When Alexander marched southwards from Tyre, he met with resistance at one place only, the old Philistine city of Gaza, the last great coast-town before the Egyptian frontier, a strong fortress on an eminence, which was bravely and skilfully defended by the eunuch Batis with the help of Nabatean mercenaries. Not until the heavy siege-engines had been fetched from Tyre and placed upon an artificial rampart and the walls had been undermined, did he succeed in taking the city after a two months’ siege. In the course of it he was wounded by a shot in the shoulder. As a clean sweep had been made of the population partly by death and partly by enslavement, Alexander fetched in new settlers from the neighborhood, and converted the town into a Macedonian fortress.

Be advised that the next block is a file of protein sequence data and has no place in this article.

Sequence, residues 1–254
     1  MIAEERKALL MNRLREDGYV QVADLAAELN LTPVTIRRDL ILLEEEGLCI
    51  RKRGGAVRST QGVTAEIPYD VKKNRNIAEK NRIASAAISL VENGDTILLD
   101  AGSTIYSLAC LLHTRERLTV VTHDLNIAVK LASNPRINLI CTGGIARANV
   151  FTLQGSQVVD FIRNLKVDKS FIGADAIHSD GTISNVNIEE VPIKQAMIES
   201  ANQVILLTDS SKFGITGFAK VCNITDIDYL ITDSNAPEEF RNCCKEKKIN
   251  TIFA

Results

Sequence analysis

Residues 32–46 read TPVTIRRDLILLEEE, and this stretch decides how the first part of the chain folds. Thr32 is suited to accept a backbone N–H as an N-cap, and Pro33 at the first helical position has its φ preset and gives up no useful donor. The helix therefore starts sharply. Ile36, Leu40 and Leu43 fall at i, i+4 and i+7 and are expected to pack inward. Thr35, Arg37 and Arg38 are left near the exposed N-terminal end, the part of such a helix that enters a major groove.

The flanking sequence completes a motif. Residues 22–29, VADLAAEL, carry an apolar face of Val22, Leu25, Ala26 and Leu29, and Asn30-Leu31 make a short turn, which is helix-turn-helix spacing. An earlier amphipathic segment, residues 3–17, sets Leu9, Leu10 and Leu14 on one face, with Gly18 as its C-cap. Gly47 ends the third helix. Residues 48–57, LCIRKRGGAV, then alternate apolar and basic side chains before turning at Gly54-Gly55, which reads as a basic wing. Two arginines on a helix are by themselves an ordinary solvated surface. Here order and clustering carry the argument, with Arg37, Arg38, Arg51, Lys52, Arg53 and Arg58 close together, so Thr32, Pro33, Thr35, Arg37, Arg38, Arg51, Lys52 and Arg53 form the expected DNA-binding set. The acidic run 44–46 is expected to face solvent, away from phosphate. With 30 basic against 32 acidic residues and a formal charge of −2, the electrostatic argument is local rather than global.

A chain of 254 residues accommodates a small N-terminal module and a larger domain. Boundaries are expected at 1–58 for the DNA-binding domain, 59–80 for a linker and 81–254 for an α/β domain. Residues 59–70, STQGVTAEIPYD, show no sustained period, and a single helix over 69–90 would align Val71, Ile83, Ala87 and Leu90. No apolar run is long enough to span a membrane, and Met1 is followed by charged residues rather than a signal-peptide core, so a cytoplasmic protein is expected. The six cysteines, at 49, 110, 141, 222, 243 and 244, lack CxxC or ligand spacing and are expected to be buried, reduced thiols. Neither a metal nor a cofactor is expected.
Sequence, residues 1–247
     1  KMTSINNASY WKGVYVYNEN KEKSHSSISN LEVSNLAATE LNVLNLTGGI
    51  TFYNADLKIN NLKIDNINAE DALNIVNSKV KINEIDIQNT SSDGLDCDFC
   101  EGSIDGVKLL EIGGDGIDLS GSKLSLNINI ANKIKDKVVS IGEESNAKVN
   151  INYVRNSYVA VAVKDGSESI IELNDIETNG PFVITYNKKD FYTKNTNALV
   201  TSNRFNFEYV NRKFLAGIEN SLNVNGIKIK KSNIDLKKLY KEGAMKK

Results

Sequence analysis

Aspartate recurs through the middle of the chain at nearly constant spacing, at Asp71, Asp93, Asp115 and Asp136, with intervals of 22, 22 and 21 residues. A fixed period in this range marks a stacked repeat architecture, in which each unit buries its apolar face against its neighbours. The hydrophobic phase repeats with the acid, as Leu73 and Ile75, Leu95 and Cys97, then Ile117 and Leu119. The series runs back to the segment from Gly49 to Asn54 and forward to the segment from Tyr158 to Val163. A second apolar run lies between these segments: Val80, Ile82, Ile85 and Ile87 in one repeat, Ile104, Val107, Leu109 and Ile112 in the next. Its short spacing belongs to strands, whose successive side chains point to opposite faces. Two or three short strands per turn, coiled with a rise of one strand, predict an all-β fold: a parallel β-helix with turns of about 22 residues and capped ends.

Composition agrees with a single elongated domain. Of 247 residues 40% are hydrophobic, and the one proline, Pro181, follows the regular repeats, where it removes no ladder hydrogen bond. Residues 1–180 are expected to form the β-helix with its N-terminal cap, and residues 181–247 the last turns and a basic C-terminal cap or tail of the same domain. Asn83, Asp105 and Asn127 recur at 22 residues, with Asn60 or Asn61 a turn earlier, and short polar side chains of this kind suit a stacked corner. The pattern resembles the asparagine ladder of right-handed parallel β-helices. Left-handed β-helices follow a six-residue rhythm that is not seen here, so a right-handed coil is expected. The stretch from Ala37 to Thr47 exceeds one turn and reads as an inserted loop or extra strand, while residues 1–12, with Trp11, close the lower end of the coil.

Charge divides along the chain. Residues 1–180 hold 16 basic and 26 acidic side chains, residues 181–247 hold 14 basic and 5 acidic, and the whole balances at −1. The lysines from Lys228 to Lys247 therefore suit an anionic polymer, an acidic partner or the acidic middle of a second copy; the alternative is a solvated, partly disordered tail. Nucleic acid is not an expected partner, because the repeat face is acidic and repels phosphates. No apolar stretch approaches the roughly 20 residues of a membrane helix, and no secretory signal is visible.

–Ulrich Wilcken, Alexander the Great, p. 112